Henry Moon is captured for a capital offense by a posse when his horse quits while trying to escape to Mexico. He finds that there is a post-Civil War law in the small town that any single ... See full summary »
This epic film traces over three generations an immigrant family's trials, tribulations, tragedies and triumphs. Jose and Maria, the first generation, come to Los Angeles, meet, marry, face... See full summary »
Edward James Olmos
'It's Monopoly out there'. Jason Staebler, The King of Marvin Gardens, has gone directly to jail, lives on the Boardwalk and fronts for the local mob in Atlantic City. He is also a dreamer ... See full summary »
Bob Rafelson has stated that this is the final part of an informal trilogy he started with "Five Easy Pieces" and continued with "The King Of Marvin Gardens". In the three, Nicholson has now played son, brother and father. In this one, Nicholson is a wealthy wine dealer who has distanced himself from his wife with his philandering and from his son with his negligence. After he steals a diamond necklace with the help of a safecracker partner, Victor, things start coming apart. His wife sets out to interrupt what she thinks is another one of his weekend dalliances, but is really his trip to pawn the jewels. Written by
John Sacksteder <firstname.lastname@example.org>
The team of Bob Rafelson and Jack Nicholson made two of the strongest movies of the 1970s, 'Five Easy Pieces' and 'The King Of Marvin Gardens'. It would be unrealistic to hope that 'Blood And Wine' would be as memorable as those two, and of course it isn't. But it is an excellent piece of modern film noir, one of the most underrated Hollywood movies of recent years, and the best thing Rafelson has made since the early 1980s. Nicholson is perfectly cast as a dissatisfied and greedy wine merchant who hatches a plot to steal a client's valuable necklace. He is assisted by a slimy British crook (a superb turn from Michael Caine in his best acting role in years) and his sexy young girlfriend (Jennifer Lopez, who is surprisingly good). Things get very complicated very quickly when their plan goes belly up, and Nicholson's estranged wife (Judy Davis) and his stepson (Steven Dorff) get into the picture. This is a well acted, interesting and unpredictable thriller with some real depth among the plot twists. I thoroughly enjoyed it.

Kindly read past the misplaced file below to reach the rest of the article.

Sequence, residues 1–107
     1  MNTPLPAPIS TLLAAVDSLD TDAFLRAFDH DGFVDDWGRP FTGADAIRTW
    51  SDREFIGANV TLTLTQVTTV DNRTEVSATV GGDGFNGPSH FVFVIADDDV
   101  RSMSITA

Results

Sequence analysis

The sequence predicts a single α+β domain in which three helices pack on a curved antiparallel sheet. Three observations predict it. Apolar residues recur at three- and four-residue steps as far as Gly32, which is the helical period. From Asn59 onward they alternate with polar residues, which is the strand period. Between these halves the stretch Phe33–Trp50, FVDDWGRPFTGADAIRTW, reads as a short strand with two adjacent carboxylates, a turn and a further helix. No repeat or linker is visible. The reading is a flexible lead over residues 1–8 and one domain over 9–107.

6 of 8 people found this review helpful.
Was this review helpful to you?